KINGSTON, Jamaica, Apr. 20, (CMC) – The main opposition People’s National Party (PNP) has accused the near two-month old government of merely adopting the policies of the last administration, and that the Andrew Holness administration has “no clear plan for economic management and growth”.
In addition, former Prime Minister, Portia Simpson Miller, told a news conference, yesterday, that she doubts whether or not the ruling Jamaica Labour Party (JLP) will fulfil the electoral promises it made during the campaign for the February 25 general election.
Simpson-Miller said that the Throne speech, last week, in which the Governor General, Patrick Allen, outlined the priorities for the new government in the coming year, contained nothing new and was merely a continuation of the her party’s “legacy”.
“From the Throne speech it is clear that, despite their many election promises, the government has created few policies and programs. The Thorne speech and the estimates that have been tabled, are major endorsements of what we did in government,” the PNP leader said, adding “they represent an endorsement of the policies and programs of the PNP and a continuation of our policies”.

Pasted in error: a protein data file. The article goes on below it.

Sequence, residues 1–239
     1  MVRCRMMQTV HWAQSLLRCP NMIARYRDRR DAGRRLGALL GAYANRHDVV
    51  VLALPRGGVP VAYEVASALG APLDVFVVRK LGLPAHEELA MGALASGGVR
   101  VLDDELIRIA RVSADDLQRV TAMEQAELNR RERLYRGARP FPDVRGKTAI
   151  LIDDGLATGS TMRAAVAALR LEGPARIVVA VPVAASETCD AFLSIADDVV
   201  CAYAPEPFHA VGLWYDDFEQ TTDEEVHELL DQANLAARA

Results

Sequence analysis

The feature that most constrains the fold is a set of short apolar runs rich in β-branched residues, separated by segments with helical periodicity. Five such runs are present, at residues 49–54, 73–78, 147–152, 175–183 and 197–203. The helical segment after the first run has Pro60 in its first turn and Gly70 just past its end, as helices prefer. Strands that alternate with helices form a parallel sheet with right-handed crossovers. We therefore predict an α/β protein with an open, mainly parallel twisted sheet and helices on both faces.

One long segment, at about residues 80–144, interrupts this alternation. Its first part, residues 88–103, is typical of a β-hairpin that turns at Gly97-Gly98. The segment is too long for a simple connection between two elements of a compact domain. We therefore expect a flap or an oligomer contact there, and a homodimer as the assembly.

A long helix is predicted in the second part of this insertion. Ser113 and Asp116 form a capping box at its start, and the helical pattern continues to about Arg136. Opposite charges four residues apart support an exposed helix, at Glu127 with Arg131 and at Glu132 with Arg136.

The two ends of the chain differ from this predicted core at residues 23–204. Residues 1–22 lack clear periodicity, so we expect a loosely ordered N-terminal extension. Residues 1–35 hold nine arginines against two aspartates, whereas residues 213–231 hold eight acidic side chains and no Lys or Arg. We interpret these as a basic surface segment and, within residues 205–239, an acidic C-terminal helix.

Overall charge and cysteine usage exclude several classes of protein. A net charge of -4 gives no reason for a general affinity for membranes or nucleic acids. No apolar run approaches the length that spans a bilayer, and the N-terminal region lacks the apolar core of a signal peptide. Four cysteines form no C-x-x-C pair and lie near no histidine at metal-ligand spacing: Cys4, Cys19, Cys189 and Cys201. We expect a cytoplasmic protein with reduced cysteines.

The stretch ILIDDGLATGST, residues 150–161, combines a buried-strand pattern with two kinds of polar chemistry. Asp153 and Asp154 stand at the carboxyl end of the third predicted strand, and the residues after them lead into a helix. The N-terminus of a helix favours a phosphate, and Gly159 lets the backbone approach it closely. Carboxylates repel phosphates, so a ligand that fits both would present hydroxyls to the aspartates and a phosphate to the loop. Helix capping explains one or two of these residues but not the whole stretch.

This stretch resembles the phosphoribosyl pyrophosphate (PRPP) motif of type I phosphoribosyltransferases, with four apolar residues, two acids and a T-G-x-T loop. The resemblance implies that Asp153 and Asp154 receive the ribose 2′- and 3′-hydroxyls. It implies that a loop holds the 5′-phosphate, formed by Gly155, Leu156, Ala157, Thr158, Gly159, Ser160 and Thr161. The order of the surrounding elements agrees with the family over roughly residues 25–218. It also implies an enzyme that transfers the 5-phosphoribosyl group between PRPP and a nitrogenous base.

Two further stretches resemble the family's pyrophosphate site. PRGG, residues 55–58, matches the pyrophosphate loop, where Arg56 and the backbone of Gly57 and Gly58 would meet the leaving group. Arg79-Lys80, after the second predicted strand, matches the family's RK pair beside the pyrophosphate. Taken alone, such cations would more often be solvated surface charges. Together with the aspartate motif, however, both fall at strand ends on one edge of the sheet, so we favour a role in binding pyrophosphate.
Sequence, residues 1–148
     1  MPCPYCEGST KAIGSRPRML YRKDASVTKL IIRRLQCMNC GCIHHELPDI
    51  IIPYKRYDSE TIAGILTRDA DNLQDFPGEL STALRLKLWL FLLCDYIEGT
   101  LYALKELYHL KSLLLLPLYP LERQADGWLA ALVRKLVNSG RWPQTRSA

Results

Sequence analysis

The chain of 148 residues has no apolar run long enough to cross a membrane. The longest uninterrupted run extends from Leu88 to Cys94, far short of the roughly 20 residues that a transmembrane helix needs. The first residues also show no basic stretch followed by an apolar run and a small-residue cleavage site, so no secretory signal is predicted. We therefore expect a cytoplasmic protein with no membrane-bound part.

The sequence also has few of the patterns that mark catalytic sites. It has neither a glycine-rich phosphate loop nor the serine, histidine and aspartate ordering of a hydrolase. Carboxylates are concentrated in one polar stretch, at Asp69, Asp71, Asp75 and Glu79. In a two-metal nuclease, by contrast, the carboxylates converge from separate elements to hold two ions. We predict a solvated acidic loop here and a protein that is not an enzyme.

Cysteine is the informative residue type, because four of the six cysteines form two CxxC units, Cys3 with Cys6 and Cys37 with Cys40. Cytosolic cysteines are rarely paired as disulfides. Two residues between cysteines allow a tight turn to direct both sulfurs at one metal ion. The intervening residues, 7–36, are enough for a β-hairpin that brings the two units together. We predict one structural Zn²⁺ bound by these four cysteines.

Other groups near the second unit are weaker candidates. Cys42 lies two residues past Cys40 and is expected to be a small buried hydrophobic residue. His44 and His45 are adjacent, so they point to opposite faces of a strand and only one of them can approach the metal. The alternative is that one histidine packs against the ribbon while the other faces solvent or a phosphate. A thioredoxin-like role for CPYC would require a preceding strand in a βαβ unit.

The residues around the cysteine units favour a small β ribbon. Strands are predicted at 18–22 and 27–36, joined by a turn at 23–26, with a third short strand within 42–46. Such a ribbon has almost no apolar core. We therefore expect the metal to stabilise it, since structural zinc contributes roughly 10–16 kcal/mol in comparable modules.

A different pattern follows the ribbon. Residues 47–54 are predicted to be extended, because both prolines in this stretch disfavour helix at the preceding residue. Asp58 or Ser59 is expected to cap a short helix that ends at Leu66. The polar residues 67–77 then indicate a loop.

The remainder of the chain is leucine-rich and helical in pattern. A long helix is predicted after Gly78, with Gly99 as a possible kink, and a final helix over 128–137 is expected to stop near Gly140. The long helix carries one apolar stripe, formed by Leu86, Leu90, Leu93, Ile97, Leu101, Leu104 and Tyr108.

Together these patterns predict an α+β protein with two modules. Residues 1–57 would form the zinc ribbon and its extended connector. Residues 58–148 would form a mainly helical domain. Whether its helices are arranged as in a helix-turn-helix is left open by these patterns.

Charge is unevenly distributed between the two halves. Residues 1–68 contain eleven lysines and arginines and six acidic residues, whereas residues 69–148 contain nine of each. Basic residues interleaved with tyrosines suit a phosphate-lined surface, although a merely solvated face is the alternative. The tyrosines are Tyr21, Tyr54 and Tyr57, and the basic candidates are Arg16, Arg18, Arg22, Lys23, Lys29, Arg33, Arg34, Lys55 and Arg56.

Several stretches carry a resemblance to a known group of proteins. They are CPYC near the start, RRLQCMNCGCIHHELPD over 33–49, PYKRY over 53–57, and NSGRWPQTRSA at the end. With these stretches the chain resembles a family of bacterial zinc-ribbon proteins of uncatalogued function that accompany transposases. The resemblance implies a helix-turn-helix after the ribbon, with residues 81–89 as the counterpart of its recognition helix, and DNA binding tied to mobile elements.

The government has already said that it cannot now implement the plan to abolish income tax for people earning J$1.5 million (One Jamaica dollar =US$0.008 cents) annually, saying that the funds to do so were not available.
But Prime Minister Holness has said that his administration will stick to all commitments made during the campaign.
Meanwhile, former Finance Minister, Dr. Peter Phillips, is calling on the government to indicate whether it is in conformity with the agreement the island signed with the International Monetary Fund (IMF).
In 2013, Jamaica entered into a four year US$948.1 million Extended Fund Facility (EFF) agreement with the IMF, and Phillips said that the party’s concerns were raised following comments by Dr. Uma Ramakrishnan, the IMF’s Chief of Mission to Jamaica.
Phillips argued that it was unusual for the Estimates of Expenditure to be presented while the IMF Chief of Mission has concerns. He said it is time the government speaks to the Jamaican people “clearly, in unambiguous terms” about their plan concerning the IMF agreement
“This is not to say that the government of Jamaica cannot chose to depart, but…if they are choosing to depart from the Fund agreement they need to make it clear,” he told reporters.